In the name of maintaining content neutral standards, I suggest Congress pass a statute prohibiting the protest of funerals of military members (or otherwise private citizens–as the argument to protect all governmental figures may be prohibited under the notion that they are public figures, and thus not privy to the same speech protections) within a more reasonable distance, say a mile. This simultaneously maintains the integrity of the mourning and funeral process, but also allows a forum for the passionate protestors to find alternative sites to express their hatred. I’m sure it would still garner the media attention these AWs are looking for, but would make for a more respectful and still constitutional process.

It is worth noting that the actual cause of action seems to be the intentional infliction of emotional distress or IIED.

Posted in SCOTUS | Tagged: , , , | Leave a Comment »

Thank you for suing us = awesome.

Posted by brightcoast on January 28, 2011

Courtesy: Taco Bell

Article here. According to the article, the suit was filed in federal court in California. Can you say diversity jurisdiction? Or perhaps there is a federal question since it’s the FDA’s meat requirements. Civ pro aside, I heard about this ad campaign on the radio, but didn’t catch who it was about. In dispute is the actual % of beef in Taco Bell’s meat. Relatedly, I caught an episode of the BBC show “Kill it, Cook it, Eat it,” which dealt with beef in different consumer products, such as kebabs, and the woman stated that in order to qualify as “meat,” it can’t have more than 25% fat and 25% connective tissue, such as ligaments, etc. I’m guessing, based on the article, that there’s an additional 10% wiggle room for preservatives, binders, and seasonings.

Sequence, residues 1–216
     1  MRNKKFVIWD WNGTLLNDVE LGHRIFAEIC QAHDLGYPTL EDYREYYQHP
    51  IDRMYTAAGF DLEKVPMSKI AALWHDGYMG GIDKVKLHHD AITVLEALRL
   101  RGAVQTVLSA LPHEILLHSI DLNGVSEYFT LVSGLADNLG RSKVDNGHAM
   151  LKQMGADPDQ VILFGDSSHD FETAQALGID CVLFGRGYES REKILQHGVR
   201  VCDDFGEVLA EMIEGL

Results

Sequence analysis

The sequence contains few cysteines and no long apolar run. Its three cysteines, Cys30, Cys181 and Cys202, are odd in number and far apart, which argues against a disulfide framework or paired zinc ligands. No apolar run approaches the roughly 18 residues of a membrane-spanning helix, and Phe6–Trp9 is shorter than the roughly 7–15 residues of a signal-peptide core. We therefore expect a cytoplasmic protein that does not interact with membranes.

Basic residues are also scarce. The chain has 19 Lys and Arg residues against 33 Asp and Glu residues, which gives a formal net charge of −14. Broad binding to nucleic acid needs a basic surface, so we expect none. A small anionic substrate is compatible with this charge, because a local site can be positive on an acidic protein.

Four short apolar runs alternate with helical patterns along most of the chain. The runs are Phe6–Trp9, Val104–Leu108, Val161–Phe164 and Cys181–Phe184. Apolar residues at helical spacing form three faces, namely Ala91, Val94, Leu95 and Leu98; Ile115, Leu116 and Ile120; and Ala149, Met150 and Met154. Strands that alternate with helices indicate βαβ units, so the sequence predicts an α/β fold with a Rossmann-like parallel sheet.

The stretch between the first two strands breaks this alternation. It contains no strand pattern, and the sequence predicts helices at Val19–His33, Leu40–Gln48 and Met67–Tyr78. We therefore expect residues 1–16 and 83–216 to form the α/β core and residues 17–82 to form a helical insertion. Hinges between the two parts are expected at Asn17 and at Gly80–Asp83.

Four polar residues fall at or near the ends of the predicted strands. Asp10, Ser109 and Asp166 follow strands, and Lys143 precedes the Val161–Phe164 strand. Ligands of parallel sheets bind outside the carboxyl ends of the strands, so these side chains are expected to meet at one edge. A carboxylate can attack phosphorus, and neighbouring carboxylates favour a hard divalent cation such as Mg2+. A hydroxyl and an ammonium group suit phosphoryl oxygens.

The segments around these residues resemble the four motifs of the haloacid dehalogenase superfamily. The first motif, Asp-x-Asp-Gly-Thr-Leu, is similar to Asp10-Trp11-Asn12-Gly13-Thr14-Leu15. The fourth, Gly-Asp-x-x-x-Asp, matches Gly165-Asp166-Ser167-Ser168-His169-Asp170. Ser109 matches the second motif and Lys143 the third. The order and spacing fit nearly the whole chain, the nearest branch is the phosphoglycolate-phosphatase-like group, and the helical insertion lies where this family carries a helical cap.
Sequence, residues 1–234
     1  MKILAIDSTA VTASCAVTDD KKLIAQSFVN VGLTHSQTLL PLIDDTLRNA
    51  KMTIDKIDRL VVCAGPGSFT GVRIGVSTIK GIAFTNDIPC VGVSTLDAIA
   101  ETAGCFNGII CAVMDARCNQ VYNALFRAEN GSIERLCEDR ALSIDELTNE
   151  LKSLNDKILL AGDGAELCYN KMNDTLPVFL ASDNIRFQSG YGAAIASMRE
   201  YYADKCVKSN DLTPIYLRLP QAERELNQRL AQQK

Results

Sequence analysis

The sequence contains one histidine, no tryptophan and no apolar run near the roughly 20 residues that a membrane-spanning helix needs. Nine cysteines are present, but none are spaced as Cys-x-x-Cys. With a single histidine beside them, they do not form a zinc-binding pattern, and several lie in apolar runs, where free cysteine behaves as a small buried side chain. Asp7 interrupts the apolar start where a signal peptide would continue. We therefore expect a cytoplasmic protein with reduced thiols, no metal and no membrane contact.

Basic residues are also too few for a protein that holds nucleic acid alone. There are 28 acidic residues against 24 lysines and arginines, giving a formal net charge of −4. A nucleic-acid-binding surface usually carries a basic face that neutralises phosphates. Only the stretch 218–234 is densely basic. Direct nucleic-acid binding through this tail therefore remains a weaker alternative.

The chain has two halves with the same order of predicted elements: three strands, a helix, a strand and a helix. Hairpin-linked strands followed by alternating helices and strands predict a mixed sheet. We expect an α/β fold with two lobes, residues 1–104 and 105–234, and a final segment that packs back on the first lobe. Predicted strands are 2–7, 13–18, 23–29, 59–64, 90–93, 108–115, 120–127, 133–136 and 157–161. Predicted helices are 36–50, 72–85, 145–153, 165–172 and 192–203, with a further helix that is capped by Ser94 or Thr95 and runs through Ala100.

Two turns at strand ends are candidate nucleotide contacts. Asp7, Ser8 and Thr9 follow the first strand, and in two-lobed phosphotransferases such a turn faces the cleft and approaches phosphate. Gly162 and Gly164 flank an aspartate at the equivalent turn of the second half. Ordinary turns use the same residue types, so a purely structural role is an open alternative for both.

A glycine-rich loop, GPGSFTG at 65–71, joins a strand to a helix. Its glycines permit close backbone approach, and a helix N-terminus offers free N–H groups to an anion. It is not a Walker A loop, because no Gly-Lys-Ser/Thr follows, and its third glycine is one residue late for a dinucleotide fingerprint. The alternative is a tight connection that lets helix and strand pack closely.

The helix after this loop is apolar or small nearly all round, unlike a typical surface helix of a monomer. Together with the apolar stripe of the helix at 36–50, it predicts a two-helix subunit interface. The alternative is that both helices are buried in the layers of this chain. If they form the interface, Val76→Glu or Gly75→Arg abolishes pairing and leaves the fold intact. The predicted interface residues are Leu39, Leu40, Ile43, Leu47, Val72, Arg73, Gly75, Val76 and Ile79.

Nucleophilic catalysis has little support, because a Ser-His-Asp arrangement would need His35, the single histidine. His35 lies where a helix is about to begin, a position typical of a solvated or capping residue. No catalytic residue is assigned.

Anyway, all the more reason not to eat fast food, I suppose.

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Generation “Next”

Posted by brightcoast on January 25, 2011

What I like about “our” generation, and I use that term loosely, since I’m not sure where it ends compared with the teenagers who have cell phone ring tones at such a high pitch that my “damaged” ears can’t even hear them, is the use of social media for good, or for any real purpose at all. (Aside from a waste of time or to hurt others, etc.)